I decided to do a somewhat more ambitious test.  After training on
a thousand arbitrary .doc files and a thousand arbitrary .html files
(and tweaking it to return the top 15 words instead of just the top 5) I
fed it Why the lucky stiff's latest opus:


loading wordcount.dat...
reading...
analyzing...
most characteristic words:
he, his, cham, dr, said, ruby, goat, method, 
irb, ree, paij, sentence, him, had, end

Not bad at all.  Although I haven't read it yet myself, this looks like
a quite reasonable summary.  I'm a little surprised at the absence of
flugel and trisomatic, but perhaps WTLS has gotten less predictable in
his vocabulary since the last time I read him.

 -- Markus


On Tue, 2004-09-21 at 21:18, jm wrote:
> Thought I'd given this simple program a go and review it for those 
> curious as to how well it works. Two tests were carried out, the first 
> I only used the following texts. The second repeated the first with 
> additional training texts. The texts are from the project gutenburg 
> (except openbsd35.readme.txt which for some reason was in the same 
> directory).
> 
> $ ls *.txt
> 8ldvc10.txt             openbsd35.readme.txt
> grimm10.txt             sunzu10.txt
> 
> $ cat *.txt |ruby textanalyze.rb c
> reading...
> Indexed 49916 words in 1.001535 seconds, 49839.4963730673 words per 
> second
> Indexed 117545 words in 2.005191 seconds, 58620.3508792928 words per 
> second
> Indexed 184142 words in 3.013597 seconds, 61103.7242205909 words per 
> second
> Indexed 245471 words in 4.035581 seconds, 60826.6814617276 words per 
> second
> Indexed 300307 words in 5.045199 seconds, 59523.3210820822 words per 
> second
> Indexed 351646 words in 6.052536 seconds, 58098.9522408458 words per 
> second
> Indexed 414601 words in 7.055078 seconds, 58766.3240576504 words per 
> second
> Indexed 416108 words in 8.056517 seconds, 51648.6218548288 words per 
> second
> storing into wordcount.dat...
> Indexed 416108 words in 8.159865 seconds, 50994.4711095098 words per 
> second
> 
> I then fed it an text version of my marketing essay which should have 
> very little if anything in common with the training texts.
> 
> $ cat ../assignment1.txt|ruby textanalyze.rb a
> loading wordcount.dat...
> reading...
> analyzing...
> most characteristic words:
> marketing, customers, customer, purchase, interaction
> 
> I then added more texts
> 
> $ ls *.txt
> 8ldvc10.txt             openbsd35.readme.txt    tprnc11.txt
> dracu13.txt             repub11.txt             warw12.txt
> grimm10.txt             sunzu10.txt
> 
> and reran the above creation and analyze steps. to get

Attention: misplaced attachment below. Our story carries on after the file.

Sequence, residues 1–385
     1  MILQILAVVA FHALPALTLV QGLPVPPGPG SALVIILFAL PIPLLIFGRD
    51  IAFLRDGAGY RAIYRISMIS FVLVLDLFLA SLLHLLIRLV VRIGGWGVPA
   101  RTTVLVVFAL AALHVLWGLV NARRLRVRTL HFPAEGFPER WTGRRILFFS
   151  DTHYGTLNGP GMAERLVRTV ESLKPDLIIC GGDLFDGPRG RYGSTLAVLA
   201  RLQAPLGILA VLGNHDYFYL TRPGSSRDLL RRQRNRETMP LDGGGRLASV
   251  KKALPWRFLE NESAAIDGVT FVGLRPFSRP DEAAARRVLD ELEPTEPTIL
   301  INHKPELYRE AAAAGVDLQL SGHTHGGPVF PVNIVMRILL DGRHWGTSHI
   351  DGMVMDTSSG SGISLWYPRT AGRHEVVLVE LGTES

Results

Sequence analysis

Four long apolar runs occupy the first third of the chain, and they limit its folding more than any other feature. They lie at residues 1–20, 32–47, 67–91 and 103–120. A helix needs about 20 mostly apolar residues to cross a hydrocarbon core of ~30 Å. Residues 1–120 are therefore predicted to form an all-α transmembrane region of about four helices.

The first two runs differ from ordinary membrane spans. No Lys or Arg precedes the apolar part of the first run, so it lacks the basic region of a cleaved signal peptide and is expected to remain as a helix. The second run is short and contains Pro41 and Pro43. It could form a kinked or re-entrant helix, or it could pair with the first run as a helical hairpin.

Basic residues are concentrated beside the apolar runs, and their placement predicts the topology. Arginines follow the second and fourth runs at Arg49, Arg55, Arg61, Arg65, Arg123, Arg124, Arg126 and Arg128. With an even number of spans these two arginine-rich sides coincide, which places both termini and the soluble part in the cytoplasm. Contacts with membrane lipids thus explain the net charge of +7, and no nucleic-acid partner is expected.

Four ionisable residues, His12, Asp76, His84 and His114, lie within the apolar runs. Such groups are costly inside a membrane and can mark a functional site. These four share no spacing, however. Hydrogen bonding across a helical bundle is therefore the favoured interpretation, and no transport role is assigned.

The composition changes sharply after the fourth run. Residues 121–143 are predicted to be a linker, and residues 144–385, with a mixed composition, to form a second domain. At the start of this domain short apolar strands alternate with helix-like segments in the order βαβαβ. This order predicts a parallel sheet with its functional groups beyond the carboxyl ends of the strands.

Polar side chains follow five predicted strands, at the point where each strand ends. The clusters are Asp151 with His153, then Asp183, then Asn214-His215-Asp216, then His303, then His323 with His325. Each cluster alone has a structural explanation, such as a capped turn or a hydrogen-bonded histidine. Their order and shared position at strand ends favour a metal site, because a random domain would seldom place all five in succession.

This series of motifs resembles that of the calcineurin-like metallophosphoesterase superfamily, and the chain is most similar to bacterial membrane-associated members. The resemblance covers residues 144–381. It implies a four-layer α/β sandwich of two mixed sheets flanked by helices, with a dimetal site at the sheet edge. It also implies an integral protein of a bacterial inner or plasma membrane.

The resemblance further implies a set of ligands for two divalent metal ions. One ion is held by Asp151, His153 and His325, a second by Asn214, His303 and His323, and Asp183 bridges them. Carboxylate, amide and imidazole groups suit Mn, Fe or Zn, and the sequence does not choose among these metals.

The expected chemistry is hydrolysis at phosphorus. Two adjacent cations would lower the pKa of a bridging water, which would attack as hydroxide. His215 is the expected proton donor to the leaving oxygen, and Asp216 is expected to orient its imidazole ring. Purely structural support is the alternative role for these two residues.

> 
> most characteristic words:
> marketing, customers, customer, 4ps, interaction
> 
> So, not bad for such a simple algorithm. As I would have picked the 
> keywords as relationship, marketing, 4Ps,
>   and customer retention. I'm surprised coffee didn't show up as I kept 
> using it in examples. It don't do too badly in this simple test 
> especially considering that the training test was chosen at random and 
> not related to the text analyzed. A dictionary of plurals or some other 
> means of dealing with plurals would be my only suggestion.
> 
> NB:
> 
> Jeff.
> 
> On 22/09/2004, at 7:54 AM, martinus wrote:
> 
> > I have created a little text analyzation tool, that tries to extract
> >  words that are important in a given text. I have implemented one of my
> >  strange ideas, and to my own surprise, it works. I have no idea if any
> >  similar tool exists, so I do not know where to post this. It is 
> > written
> >  in Ruby, so I just post it here :-)
> >
> > To use this tool, you first have to index a large amount of text files.
> >  It generates an index, which is later used when analyzing text.
> >
> > For example, I have indexed several fairy tales, and used this index to
> >  extract important words. Here are some results:
> >
> > Little Red Riding Hood.txt: hood, grandma, riding, hunter, red
> >  Little Mermaid.txt: sirenetta, mermaid, sea, waves, sisters
> >  Alladin.txt: aladdin, lamp, genie, sultan, wizard
> >
> > The algorithm works with HTML files and probably any other format that
> >  contains text, Here is an example of analyzation results when HTML
> >  files are indexed:
> >
> > SSL-RedHat-HOWTO.htm: certificate, ssl, private, key, openssl
> >  META-FAQ.html: newsgroup, comp, sunsite, questions, announce
> >  TeTeX-HOWTO.html: tetex, tex, ctan, latex, archive
> >
> > And now my question: Does anyone know where to find such tools or
> >  algorithms?
> >
> > You can get it from here, it's public domain:
> > http://martinus.geekisp.com/rublog.cgi/Projects/TextAnalyzer
> >
> > martinus
> >
> >
>